Weekend Cooking meme graphicWeekend Cooking is hosted at Beth Fish Reads each week. Check her post tomorrow for links to reviews, raves, and rants about food whether cooked at home or out in the world.

I’ve started a New Year’s Resolution Reading Challenge to read books related to resolutions as a way to be, well, more resolute about them. I’d like some help from the Weekend Cooking crowd. What books would you recommend for people with these and other food-related resolutions:

  • cook more
  • eat healthier
  • take my cooking to the next level
  • lose weight
  • gain weight
  • become a vegetarian or vegan
  • eat like a caveman
  • appreciate food (and beverages) more

What food books have made an appreciable difference in your life?

If I get enough responses, I’ll write a round-up post for next week’s Weekend Cooking, just in time for the New Year’s Resolution season!

Signature of Joy Weese Moll


Comments

Weekend Cooking: New Year’s Resolutions — 11 Comments

  1. Anything by Jamie Oliver, but particularly “Cook with Jamie” and “Jamie at Home”. He does such amazing things with food, but a good majority of it is still stuff you can put together on a week night. Love him!

  2. I was really impressed with Eat Naked and The Naked Foods Cookbook by Margaret Floyd, which I reviewed on my blog this past year. I like the idea of getting away from processed foods as much as possible, and this book has a great approach to eating naturally, with lots of support. Recommended!

  3. I love anything by Nigella Lawson. I sit down and read her cookbooks like a novel. She is a master of description. Also, I recently got a new cookbook called Saltie by Caroline Fidanza. It details many recipes offered by the small, sandwich shop in NYC. Full of homemade condiments and unique sandwiches, along with drinks and some entrees. I love it.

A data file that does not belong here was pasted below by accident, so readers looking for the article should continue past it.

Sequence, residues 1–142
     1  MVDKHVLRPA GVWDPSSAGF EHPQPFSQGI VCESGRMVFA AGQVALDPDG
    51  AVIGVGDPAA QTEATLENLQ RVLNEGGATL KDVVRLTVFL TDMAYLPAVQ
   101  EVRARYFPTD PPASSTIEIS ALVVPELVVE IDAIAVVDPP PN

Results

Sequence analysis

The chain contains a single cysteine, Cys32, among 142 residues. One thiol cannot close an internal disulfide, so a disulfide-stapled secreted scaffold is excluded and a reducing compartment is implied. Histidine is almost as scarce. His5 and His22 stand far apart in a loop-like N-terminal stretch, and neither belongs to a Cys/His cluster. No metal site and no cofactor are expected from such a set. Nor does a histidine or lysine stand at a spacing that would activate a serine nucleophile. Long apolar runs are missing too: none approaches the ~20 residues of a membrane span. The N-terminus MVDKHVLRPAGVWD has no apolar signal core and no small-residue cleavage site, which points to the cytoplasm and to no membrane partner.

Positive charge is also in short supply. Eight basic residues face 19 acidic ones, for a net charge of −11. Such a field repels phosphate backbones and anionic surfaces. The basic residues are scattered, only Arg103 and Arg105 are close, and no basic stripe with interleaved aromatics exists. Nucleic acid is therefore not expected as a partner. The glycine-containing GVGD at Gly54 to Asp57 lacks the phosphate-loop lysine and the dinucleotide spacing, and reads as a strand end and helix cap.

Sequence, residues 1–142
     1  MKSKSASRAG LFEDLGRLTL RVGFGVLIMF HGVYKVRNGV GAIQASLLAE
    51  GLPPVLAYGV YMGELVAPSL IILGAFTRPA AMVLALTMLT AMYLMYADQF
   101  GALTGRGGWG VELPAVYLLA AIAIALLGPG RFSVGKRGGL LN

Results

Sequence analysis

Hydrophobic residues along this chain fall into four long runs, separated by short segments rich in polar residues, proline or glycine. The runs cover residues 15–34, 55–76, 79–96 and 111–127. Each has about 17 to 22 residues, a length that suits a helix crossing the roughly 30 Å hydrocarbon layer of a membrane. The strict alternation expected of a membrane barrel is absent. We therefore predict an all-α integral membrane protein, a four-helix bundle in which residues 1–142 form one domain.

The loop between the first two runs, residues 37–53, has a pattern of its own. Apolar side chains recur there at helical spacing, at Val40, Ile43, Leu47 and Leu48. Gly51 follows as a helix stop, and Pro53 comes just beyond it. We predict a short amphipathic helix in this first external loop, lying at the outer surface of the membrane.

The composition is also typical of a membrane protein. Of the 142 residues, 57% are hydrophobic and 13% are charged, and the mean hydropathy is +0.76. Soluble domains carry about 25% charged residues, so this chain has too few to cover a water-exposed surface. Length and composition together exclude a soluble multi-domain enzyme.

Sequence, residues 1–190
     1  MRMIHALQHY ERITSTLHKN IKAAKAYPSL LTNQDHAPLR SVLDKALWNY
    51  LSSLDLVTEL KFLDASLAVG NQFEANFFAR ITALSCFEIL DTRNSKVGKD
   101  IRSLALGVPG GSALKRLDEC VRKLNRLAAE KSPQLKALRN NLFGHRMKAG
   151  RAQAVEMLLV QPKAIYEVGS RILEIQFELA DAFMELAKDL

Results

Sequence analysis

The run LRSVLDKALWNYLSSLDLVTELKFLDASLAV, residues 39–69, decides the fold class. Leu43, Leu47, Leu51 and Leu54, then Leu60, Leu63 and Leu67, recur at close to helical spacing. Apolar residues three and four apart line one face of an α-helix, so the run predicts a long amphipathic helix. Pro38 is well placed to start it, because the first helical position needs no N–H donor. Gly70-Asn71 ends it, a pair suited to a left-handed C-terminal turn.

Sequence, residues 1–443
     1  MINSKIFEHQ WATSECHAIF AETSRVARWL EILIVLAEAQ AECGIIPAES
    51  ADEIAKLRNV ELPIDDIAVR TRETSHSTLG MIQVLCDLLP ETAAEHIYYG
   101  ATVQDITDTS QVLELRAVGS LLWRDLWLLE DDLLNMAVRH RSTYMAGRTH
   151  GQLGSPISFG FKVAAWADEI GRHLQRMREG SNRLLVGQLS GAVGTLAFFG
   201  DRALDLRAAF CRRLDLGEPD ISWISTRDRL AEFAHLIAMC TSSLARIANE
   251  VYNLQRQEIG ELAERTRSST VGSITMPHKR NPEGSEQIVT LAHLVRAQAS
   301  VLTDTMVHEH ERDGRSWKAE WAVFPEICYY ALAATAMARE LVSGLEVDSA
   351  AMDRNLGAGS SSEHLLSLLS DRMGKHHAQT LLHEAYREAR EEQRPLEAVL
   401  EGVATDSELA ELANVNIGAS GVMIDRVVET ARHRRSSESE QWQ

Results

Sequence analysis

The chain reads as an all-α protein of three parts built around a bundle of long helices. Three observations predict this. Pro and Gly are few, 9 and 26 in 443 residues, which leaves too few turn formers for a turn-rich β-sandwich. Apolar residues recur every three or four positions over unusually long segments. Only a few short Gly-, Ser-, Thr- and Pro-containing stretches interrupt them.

4. I love the idea of centering your reading around your resolutions. I love to bake, and I finally broke down and bought a wonderful baking book a few months ago. It’s an e-book so it’s handy for searching. I read over the advice for cookies before I made mine this Christmas season and I read over the info on bread baking before I made some homemade bread, so it has been quite useful.

  5. The Mom 100 Cookbook and Dinner: A Love Story (I reviewed them both) are great ways to help you cook more. I second Cooking Light magazine.

    For the next level: Anything by the American Test Kitchen (Cook’s Illustrated) and anything by King Arthur Flour (for baking of all kinds; including gluten free)

  6. For weight loss, I’ve had good luck with Eat To Live. The basic principle is eat leafy greens, veggies, and lots of them. I’ve tried the diet (and will do it again in January) and the most remarkable thing, apart from the lost pounds, is how my sense of smell and taste improve.

  7. Eat healthier: the book that changed my life (not hyperbole) was Gary Taubes WHY WE GET FAT. I learned a ton, and it totally changed both my outlook and the way that I eat.

    That led me to, as you put it, “eat like a caveman.” The best resources I’ve found for that so far are THE PALEO SOLUTION by Robb Wolf and IT STARTS WITH FOOD by Dallas and Melissa Hartwig. For a “kinder, gentler” version of the paleo diet, I’d recommend THE PRIMAL BLUEPRINT by Mark Sisson.

  8. I have a bunch of Jacques Pepin’s cookbooks. I’ve been collecting them for about 20 years. I’ve learned so much from him and tried many of his recipes. He also had many fast and fresh recipes that are light and healthy

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